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May 1995, Vol. 118, No. 5
I ncreasing competition, rapidly changing technology, changing work force characteristics, and how to increase productivity are pressing issues for the individual firms and the entire U.S. economic system.
Since the beginning of the industrial revolution, practitioners, researchers, and policymakers have tried to define and evaluate particular workplace practices and systems of practices that can spur productivity growth and competitiveness. The recent emphasis is on initiatives labeled "high-performance practices," "employee involvement," "employee participation," or "flexible work organizations." Generally, these labels refer to situations where firms sharpen the productivity and competitive edge by using the creativity and problem-solving contributions of their employees.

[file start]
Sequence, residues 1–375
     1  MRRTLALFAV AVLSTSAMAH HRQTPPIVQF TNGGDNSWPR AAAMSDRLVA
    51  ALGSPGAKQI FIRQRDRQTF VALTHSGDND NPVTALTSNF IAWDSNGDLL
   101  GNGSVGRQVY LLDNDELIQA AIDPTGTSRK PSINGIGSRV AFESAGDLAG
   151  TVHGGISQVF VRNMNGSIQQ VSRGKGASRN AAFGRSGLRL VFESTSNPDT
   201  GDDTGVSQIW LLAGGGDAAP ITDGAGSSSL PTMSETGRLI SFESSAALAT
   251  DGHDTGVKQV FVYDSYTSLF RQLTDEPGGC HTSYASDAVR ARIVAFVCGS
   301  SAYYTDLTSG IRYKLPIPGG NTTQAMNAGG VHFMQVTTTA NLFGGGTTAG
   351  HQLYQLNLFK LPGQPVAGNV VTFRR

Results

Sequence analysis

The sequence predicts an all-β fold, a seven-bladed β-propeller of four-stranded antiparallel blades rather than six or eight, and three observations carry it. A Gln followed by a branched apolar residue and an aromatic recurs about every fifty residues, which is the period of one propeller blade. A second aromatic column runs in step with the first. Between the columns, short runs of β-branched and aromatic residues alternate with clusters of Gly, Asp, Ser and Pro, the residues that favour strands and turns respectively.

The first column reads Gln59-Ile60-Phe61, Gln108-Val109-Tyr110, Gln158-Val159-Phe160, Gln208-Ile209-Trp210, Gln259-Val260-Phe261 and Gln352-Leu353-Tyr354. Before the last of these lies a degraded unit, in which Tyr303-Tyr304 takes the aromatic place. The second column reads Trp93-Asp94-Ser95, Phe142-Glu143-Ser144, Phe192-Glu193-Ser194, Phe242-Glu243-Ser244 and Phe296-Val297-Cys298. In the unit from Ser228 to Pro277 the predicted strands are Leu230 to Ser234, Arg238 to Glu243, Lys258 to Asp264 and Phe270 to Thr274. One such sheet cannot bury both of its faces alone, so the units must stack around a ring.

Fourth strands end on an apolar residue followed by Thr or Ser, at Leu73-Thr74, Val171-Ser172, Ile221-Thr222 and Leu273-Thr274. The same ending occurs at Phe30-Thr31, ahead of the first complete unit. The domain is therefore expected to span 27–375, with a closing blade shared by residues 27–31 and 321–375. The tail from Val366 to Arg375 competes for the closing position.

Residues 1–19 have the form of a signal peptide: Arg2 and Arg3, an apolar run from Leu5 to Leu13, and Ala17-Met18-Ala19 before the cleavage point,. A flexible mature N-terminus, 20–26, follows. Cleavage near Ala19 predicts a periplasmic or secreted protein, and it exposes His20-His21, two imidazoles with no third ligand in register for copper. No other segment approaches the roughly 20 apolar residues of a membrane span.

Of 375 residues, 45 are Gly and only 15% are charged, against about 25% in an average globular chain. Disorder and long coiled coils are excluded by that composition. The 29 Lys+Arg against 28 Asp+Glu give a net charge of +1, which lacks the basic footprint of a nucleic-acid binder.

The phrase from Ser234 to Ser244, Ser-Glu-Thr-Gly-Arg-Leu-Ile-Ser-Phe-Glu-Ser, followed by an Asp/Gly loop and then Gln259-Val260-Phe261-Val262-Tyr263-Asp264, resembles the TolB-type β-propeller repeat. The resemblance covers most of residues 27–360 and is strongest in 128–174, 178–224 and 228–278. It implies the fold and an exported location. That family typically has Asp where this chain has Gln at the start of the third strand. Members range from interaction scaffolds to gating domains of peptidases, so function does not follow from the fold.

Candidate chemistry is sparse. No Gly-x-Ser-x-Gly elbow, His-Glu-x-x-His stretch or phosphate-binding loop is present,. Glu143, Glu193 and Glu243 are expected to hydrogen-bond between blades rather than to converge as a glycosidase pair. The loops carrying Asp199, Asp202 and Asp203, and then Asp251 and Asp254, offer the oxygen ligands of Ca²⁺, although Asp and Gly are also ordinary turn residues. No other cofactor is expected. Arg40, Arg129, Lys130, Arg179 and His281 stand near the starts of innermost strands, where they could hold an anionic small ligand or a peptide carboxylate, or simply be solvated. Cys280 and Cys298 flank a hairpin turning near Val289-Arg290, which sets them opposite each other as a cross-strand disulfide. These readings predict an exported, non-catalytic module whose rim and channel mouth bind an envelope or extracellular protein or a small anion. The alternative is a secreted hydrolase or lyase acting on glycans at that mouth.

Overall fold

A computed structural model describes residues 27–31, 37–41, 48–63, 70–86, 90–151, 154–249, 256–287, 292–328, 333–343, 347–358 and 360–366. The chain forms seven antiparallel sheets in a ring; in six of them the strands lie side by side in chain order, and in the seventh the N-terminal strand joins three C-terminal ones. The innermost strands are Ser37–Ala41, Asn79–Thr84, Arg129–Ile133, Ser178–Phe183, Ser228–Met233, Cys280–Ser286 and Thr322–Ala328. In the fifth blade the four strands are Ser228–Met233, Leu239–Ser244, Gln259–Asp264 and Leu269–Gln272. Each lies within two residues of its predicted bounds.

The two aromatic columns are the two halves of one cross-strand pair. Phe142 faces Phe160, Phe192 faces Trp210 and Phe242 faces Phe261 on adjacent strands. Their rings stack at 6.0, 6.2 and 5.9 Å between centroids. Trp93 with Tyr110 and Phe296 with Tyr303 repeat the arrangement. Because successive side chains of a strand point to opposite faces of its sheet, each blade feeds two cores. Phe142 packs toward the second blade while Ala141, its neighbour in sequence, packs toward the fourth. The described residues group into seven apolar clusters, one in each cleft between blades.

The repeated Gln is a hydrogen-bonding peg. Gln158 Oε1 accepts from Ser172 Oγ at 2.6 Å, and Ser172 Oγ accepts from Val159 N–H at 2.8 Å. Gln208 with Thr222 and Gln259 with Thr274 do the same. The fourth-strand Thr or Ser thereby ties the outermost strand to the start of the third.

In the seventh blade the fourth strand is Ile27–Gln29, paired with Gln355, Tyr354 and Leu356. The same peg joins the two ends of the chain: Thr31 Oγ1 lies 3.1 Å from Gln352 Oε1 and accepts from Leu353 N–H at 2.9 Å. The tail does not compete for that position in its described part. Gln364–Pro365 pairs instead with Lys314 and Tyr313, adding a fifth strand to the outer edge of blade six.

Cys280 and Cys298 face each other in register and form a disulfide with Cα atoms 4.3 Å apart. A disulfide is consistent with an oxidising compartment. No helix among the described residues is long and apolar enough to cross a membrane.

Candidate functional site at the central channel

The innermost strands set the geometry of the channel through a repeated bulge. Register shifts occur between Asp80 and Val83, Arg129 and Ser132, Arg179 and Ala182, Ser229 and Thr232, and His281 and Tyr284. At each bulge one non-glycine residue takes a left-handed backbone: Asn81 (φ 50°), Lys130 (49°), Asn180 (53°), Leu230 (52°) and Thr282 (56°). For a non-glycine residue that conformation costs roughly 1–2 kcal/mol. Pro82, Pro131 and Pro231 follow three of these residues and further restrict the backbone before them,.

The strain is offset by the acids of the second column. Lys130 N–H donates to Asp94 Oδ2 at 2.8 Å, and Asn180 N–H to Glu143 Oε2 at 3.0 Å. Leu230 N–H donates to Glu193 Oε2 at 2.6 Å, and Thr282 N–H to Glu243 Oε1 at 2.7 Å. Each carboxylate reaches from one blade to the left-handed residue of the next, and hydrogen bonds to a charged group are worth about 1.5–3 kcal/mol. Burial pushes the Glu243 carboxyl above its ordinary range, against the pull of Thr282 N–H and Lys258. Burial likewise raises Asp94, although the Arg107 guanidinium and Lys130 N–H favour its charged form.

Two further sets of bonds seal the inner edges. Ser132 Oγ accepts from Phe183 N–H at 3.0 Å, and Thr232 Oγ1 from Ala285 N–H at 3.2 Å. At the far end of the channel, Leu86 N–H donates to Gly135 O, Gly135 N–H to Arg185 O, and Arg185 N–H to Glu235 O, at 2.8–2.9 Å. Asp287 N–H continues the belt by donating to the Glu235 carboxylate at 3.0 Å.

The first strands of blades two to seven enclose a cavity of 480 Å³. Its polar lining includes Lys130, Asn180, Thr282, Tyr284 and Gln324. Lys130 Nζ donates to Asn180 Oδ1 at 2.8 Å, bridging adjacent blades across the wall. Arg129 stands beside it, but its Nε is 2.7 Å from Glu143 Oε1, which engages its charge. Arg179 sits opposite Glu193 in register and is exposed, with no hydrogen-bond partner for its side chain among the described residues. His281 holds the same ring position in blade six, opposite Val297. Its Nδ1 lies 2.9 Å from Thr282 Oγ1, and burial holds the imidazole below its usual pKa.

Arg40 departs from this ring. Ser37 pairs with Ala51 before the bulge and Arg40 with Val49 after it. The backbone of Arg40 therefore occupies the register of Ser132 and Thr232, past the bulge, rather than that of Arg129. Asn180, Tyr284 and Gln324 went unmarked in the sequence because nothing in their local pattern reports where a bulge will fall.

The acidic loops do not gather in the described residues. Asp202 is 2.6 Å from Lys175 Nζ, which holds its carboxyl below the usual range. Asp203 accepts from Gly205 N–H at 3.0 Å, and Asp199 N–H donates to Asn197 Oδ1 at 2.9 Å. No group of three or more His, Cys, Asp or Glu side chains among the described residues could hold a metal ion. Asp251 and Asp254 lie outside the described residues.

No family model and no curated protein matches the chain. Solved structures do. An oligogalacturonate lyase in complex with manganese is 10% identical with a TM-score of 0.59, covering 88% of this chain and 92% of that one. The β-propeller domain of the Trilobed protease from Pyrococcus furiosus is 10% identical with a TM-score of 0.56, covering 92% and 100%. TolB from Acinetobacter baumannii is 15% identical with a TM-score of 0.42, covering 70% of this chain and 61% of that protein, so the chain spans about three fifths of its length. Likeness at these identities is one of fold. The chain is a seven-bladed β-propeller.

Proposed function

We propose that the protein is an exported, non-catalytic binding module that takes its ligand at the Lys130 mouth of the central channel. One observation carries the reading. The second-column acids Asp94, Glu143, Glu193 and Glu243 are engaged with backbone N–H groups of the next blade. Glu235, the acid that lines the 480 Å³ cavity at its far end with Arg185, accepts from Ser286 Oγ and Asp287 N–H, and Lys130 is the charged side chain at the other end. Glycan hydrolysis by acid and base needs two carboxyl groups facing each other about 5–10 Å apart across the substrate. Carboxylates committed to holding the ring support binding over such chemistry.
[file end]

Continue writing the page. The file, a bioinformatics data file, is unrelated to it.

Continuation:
Empirical evidence supporting the claim by proponents of these practices for increased productivity is mixed. Examples of similar approaches in the past can be useful in evaluating these practices today. This article places the current emphasis on "high-performance" workplace practices in a historical context that identifies conditions in the economy that may have prompted recent interest in the high-performance workplaces and puts the history of the adoption of different work practices in a theoretical context.
This excerpt is from an article published in the May 1995 issue of the Monthly Labor Review. The full text of the article is available in Adobe Acrobat's Portable Document Format (PDF). See How to view a PDF file for more information.
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